Obey the Sign or Pay the Fine
ADDED LAW ENFORCEMENT PRESENCE AND ASSIGNMENTS AIMED AT STOPPING SPEEDERS
Additional Information Contact:
Highway Safety Office – Ann Whitehead
(501) 618-8133 – firstname.lastname@example.org
JULY 15, 2019
(LITTLE ROCK) – Arkansas law enforcement officers will be working overtime shifts and regular patrols committed to the assignment of making state highways and streets safer by stopping drivers who don’t obey the speed limit. The special enforcement operation will begin today (Monday, July 15th) and continue through Sunday, July 21st.
“Obey the Sign or Pay the Fine” is a coordinated effort aimed at stopping drivers who exceed the posted speed limit along streets and highways they’re traveling. The intensified enforcement effort underscores the severity of the problem, both locally and across the nation.
“Speeding translates into injury and death on our roadways,” said Colonel Bill Bryant, Director of the Arkansas State Police and the Governor’s Highway Safety Representative. “It greatly reduces a driver’s ability to steer safely around another vehicle, a hazardous object on the roadway or an unexpected change in the highway, such as a sharp curve.”
During calendar year 2017, speeding was a contributing factor in 26 percent of all fatal crashes in the U.S., accounting for more than 9,700 deaths.
“Speeding drivers put themselves, their passengers and other drivers at tremendous risk,” Colonel Bryant stated, “and the Arkansas State Police is prepared to dedicate whatever resources necessary to stop speeders and make the highways safer.”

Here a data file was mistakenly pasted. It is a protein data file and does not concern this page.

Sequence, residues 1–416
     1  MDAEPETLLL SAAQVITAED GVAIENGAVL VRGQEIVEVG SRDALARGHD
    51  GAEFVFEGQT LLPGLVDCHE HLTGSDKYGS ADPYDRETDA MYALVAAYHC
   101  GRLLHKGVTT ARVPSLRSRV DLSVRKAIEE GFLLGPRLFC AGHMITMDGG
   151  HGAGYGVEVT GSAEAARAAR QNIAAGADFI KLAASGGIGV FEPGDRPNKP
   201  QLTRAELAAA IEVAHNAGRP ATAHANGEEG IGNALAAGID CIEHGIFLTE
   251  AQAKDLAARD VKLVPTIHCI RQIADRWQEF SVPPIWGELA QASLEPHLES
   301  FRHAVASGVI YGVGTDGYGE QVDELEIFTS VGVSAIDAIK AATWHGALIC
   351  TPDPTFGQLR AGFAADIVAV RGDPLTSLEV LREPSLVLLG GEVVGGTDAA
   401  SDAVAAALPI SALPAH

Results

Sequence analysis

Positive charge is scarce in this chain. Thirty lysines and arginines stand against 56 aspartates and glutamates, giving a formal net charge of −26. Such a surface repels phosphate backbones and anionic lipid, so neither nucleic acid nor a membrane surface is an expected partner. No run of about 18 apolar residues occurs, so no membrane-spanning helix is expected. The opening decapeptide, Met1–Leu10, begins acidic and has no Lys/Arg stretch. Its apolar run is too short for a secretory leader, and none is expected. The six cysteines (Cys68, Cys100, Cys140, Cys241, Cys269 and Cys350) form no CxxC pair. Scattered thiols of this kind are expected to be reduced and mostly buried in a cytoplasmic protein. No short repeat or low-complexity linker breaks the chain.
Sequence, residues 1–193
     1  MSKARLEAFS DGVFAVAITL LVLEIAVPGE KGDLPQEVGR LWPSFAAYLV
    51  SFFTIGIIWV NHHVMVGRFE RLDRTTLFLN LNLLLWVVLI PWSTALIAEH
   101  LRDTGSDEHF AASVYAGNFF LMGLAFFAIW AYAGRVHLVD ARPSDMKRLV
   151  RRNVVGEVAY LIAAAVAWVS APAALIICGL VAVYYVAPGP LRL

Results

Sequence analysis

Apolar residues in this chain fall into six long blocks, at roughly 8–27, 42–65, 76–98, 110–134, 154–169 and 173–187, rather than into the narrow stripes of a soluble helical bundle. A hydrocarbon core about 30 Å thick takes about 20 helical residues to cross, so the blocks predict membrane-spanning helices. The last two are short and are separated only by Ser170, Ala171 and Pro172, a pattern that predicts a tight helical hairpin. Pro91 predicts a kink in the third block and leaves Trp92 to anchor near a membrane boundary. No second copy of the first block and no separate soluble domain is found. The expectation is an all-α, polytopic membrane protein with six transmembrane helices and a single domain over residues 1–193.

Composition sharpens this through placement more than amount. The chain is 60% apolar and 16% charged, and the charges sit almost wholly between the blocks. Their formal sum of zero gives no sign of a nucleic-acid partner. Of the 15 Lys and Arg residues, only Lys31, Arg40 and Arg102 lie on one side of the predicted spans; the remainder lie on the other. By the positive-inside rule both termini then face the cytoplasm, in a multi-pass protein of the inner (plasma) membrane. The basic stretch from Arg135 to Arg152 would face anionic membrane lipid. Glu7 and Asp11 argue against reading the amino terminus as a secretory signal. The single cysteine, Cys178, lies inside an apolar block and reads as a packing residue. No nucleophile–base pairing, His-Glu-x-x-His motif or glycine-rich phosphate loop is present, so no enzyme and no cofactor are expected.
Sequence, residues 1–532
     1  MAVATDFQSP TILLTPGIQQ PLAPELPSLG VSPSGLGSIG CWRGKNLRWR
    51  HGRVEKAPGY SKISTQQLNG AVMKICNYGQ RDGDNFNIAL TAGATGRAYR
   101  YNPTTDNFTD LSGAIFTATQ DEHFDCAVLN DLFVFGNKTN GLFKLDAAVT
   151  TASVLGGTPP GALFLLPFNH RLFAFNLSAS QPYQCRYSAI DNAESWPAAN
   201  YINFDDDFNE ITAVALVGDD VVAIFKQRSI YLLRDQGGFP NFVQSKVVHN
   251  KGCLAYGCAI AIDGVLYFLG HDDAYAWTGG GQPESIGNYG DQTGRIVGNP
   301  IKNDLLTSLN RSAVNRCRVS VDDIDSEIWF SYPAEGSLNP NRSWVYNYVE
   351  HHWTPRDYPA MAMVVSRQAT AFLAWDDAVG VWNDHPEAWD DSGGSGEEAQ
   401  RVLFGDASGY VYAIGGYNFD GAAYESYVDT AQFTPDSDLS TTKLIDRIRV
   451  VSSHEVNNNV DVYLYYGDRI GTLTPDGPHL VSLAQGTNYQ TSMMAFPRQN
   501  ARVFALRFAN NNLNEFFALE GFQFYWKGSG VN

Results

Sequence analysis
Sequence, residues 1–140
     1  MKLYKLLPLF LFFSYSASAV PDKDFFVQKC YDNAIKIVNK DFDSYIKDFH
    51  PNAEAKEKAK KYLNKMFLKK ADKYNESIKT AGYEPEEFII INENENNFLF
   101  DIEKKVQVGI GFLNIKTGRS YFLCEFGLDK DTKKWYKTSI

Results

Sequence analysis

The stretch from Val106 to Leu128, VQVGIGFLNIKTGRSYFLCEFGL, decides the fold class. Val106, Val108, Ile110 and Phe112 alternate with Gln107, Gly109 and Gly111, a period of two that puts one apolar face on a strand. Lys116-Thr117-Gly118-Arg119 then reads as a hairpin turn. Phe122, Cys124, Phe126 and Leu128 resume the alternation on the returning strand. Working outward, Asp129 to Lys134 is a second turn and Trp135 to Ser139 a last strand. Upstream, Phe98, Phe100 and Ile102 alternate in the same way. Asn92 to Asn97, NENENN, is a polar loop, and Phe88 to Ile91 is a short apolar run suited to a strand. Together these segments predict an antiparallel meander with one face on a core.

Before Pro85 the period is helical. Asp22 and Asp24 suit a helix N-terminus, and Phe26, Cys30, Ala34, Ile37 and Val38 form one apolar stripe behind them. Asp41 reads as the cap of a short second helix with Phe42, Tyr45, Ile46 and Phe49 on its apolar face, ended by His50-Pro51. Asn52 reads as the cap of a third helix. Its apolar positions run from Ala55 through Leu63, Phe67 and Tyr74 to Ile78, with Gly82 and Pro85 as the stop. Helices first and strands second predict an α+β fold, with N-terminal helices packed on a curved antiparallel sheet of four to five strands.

According to records from the National Highway Traffic Safety Administration (NHTSA), a motor vehicle crash on a road with a speed limit of 65 miles per hour or greater, is more than twice as likely to result in a fatality than a crash on a road with a speed limit of 45 or 50 MPH and nearly five times as likely from a crash on a road with a speed limit of 40 mph or below. Each year across the nation approximately 15 percent of the speeding-related fatalities occur on interstate highways.
Driver and passenger safety is also compromised when a vehicle is traveling at the speed limit but too fast for road conditions, such as during inclement weather, along sections of roads that are being repaired or during evening hours when a road may not be adequately illuminated.
NHTSA officials consider a motor vehicle crash to be speed related when a driver is charged with exceeding the posted speed limit or driving too fast for conditions.
For more information on the “Obey the Sign, or Pay the Fine” mobilization, please visit www.trafficsafetymarketing.gov or contact the Arkansas Highway Safety Office at (501) 618-8136. For more on Arkansas’ ongoing Toward Zero Deaths campaign to eliminate preventable traffic fatalities, visitwww.TZDarkansas.org.
Arkansas State Police Public Affairs Office | 501-618-8232 | email@example.com